I serve as chair of the NC State Alumni Entrepreneur Network. Collectively we work to make sure alumni entrepreneurs stay connected with each other and with the university. We host entrepreneurship events that highlight NC State alumni entrepreneurs, and frequent happy hours. 
 
How does your background contribute to your role in entrepreneurship programming? 
My first business was selling hand-woven baskets, which I weaved (woved?), to my parents’ friends and co-workers. Since then I’ve held almost every job imaginable from Arby’s cashier to valet to pool boy. I owned and operated a window washing business in college. Our motto was “Windows so clean, you can see through them.” Ahh…college. I sold that business after five years because I was afraid of heights. Reveal Mobile is the fifth company I’ve been a founder of, and my third mobile focused startup. 
 
Tying all of this back to my role as the alumni network chair, the intent is to make sure the university hears the voices of their entrepreneurs. We serve as one conduit to that end. Being able to see the world from an entrepreneur’s viewpoint ensures the university builds programs, education, and services that support their entrepreneurial community. 
 
What’s an extra proud moment from your time in your role? 
I’m most proud of the work our team has done to grow the community and events. This year they've really stepped up to deliver incredible programming. We’ve covered entrepreneurs in food science, biotech, fashion, tech and food, while doing a better job of involving our female entrepreneurs. Who is the most impressive entrepreneur you’ve come into contact with through your work, and why? Anyone who is willing to start a business of any kind gets my respect. 
 
What’s a fun fact about yourself?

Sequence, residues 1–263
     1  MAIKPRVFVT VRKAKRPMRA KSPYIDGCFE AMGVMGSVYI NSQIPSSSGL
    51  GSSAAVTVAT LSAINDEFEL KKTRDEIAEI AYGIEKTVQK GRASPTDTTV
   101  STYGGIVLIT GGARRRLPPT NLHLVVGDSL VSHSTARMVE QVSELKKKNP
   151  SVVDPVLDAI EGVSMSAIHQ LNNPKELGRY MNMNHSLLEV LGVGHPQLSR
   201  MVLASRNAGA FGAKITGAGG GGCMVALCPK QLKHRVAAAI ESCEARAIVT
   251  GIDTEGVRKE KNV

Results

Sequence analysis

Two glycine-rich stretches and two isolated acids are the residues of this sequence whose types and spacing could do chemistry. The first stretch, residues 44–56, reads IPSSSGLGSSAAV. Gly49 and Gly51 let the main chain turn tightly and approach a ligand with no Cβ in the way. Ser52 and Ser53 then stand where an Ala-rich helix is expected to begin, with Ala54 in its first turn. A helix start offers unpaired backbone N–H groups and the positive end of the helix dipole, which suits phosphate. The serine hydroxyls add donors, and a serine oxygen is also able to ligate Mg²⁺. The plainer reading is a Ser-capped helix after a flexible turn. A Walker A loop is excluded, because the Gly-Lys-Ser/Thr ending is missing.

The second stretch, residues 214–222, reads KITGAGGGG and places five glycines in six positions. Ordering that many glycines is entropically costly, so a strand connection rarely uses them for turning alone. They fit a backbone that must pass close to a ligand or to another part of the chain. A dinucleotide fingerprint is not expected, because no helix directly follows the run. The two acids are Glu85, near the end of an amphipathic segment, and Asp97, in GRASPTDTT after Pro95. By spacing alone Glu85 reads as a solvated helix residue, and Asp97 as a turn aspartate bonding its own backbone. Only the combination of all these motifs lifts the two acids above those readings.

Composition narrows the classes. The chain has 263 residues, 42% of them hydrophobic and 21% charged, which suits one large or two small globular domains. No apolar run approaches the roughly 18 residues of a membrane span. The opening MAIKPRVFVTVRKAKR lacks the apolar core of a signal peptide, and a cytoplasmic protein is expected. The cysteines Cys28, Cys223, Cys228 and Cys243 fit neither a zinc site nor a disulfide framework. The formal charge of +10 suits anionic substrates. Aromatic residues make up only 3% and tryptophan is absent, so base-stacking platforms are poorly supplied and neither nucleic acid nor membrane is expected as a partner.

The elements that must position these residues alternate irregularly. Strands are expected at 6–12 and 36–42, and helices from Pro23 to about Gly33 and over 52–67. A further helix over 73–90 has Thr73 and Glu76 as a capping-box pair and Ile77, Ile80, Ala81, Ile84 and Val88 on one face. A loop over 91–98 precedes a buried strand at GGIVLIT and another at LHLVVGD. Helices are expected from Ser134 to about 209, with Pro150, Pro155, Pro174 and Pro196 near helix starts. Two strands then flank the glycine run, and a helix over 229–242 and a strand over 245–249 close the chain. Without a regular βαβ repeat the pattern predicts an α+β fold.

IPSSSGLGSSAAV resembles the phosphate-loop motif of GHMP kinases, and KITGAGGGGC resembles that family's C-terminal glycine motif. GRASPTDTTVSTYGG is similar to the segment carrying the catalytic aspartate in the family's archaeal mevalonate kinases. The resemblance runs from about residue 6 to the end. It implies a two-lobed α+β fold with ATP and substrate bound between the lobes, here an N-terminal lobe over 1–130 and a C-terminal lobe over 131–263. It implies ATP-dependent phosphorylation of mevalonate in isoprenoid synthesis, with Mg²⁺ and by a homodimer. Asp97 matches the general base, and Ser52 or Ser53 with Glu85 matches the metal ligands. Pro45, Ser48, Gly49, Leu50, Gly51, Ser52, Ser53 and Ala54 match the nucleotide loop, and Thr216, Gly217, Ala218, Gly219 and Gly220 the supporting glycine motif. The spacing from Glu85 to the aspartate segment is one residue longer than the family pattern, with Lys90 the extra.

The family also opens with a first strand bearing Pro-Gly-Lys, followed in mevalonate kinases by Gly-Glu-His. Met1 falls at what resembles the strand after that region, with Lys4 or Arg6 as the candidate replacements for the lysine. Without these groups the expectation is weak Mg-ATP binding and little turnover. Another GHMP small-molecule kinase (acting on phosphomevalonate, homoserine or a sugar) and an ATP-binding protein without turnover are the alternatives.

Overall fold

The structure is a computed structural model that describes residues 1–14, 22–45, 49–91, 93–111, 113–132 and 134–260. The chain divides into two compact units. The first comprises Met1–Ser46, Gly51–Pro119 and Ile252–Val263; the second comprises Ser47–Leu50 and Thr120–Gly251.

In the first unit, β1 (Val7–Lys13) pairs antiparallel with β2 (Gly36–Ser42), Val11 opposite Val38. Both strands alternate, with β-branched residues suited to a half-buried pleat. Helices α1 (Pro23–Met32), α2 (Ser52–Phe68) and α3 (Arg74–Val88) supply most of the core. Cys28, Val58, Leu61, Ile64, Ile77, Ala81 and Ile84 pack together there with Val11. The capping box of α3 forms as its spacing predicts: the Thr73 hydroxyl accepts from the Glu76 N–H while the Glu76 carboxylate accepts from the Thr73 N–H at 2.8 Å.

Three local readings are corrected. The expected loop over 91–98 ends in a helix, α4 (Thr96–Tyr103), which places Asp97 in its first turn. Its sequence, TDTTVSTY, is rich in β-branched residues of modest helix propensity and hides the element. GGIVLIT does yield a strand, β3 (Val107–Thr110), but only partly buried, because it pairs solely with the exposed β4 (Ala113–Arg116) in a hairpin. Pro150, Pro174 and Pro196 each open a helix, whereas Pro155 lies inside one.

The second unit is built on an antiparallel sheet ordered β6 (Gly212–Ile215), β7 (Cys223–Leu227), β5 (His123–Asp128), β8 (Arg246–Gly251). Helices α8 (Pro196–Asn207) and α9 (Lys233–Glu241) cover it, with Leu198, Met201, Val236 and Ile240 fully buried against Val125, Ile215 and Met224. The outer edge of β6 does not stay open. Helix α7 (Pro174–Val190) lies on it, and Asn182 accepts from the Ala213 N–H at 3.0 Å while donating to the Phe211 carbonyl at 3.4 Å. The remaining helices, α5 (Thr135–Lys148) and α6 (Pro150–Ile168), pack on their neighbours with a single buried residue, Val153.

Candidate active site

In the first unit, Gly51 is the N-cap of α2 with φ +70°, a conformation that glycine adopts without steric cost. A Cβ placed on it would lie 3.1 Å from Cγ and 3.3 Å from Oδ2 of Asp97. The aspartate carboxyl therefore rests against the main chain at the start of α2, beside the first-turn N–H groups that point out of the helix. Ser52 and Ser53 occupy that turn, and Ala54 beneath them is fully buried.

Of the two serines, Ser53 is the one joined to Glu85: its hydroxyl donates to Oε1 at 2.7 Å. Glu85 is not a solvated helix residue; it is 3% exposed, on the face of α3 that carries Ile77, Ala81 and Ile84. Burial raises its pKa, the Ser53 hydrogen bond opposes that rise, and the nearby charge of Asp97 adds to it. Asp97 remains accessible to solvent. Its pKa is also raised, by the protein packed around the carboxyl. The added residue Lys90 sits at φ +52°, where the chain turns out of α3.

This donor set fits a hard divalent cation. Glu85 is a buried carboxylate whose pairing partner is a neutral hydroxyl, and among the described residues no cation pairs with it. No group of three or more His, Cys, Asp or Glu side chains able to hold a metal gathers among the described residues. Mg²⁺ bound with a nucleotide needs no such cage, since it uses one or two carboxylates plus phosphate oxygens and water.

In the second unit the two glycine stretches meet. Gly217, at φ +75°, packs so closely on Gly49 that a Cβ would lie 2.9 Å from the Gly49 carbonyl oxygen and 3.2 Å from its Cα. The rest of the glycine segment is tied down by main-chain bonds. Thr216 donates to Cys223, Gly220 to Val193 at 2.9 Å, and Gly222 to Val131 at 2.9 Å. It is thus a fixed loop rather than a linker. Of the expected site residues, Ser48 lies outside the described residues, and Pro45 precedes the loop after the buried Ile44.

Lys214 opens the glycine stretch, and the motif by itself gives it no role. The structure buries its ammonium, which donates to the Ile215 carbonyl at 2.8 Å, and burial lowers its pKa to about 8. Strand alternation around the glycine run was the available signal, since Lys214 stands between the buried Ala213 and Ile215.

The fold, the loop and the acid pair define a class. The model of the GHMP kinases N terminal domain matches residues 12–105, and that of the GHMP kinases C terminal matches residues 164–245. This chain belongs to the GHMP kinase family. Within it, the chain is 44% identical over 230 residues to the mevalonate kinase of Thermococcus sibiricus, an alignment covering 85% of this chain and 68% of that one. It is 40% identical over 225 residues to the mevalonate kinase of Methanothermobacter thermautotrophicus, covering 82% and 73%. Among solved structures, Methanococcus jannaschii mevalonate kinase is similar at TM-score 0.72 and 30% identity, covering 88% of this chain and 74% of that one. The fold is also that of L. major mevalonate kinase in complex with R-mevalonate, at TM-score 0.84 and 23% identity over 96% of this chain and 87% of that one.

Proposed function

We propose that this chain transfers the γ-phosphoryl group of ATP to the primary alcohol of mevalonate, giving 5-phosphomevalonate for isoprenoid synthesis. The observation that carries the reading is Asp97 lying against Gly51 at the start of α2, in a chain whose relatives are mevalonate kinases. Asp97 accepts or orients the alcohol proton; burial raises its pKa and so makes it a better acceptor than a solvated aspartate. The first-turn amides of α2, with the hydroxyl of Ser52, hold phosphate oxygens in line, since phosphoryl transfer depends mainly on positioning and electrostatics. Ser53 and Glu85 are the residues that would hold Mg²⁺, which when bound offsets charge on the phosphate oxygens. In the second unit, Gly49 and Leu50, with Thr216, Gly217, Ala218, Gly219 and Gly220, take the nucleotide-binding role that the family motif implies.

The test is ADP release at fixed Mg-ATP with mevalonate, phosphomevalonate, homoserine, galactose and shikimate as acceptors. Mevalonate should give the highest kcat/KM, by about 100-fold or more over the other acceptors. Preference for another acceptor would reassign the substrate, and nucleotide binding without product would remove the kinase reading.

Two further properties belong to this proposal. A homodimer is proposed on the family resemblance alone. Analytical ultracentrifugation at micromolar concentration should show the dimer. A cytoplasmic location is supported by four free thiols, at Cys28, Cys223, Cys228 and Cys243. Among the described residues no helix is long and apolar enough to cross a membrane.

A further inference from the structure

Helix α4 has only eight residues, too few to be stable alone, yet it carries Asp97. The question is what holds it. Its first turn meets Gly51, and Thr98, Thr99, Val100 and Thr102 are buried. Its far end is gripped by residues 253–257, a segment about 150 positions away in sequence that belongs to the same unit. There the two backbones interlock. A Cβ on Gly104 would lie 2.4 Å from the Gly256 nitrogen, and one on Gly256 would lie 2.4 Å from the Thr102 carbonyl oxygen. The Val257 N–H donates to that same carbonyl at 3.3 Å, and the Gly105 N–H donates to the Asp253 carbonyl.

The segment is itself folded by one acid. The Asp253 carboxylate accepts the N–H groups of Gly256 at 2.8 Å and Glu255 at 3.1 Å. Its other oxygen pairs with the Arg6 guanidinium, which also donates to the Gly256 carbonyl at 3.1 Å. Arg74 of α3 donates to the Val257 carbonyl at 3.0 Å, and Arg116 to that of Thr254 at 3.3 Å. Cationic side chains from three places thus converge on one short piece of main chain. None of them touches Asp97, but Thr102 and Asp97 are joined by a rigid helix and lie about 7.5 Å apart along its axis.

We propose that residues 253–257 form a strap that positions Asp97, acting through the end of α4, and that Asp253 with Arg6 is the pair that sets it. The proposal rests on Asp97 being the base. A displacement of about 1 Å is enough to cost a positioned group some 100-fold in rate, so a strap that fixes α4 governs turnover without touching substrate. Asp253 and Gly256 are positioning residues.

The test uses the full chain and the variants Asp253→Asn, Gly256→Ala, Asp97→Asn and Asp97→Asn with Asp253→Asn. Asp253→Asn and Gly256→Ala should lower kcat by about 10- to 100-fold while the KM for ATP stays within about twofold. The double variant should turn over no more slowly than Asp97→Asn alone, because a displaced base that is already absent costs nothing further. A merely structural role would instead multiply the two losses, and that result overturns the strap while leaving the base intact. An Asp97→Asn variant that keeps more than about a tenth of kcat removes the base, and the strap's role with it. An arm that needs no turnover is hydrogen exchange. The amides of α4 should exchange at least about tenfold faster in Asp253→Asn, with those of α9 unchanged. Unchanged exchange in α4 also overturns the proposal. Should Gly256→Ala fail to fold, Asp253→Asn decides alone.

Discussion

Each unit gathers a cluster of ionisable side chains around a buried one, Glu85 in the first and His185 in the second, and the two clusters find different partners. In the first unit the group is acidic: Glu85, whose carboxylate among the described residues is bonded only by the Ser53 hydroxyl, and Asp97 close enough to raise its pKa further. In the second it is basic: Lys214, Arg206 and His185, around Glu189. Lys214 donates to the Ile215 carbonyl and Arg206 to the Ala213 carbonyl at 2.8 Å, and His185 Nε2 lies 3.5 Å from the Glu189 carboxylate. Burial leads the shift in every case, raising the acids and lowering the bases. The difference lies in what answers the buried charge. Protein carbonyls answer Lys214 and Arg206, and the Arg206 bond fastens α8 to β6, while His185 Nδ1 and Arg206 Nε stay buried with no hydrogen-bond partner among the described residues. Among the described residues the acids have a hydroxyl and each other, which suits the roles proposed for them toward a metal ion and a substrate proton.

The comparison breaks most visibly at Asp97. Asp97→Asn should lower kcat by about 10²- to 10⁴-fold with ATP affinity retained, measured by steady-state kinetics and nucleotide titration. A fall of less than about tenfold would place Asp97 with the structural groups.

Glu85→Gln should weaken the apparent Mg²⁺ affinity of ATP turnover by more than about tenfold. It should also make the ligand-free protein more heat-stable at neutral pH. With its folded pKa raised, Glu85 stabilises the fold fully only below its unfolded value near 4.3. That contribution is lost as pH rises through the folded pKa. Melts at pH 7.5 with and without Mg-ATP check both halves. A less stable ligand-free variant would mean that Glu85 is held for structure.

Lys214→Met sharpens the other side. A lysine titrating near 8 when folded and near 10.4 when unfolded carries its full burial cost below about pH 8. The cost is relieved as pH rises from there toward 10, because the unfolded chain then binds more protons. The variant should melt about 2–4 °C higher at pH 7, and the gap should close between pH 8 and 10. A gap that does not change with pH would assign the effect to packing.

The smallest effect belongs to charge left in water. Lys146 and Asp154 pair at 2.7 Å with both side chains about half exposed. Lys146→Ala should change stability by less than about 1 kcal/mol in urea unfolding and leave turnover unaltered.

In the span of one year, I quit my job to start a business while simultaneously getting my MBA at NC State, then welcomed twins into the family, then moved to a new house, then went without income for 14 months. That added a few wrinkles and gray hairs. 
 
Gary Beckman NCSU

Gary Beckman 

 
How does your background contribute to your role in entrepreneurship programming? 
Ph.D. in musicology aside, I spent a significant part of life in popular and Renaissance music: performing, touring, education, etc. Besides a number of arts consulting gigs, my most successful business was founding a small record and distribution company in New England. 

What’s an extra proud moment from your time in your role? 
Too many to mention. However, when my students can really see how an entrepreneurial life in the arts (ie: a dream) is “actually” possible, it’s a moment beyond description. Helping to provide that life choice is an absolute honor. 
 
Who is the most impressive entrepreneur you’ve come into contact with through your work, and why? 
Canadian artist Sid Dickins. He’s got a great business model and great art. We explore his work and business extensively in our Foundations in Arts Entrepreneurship course. I should add extreme artist Phillip Gray for the same reasons.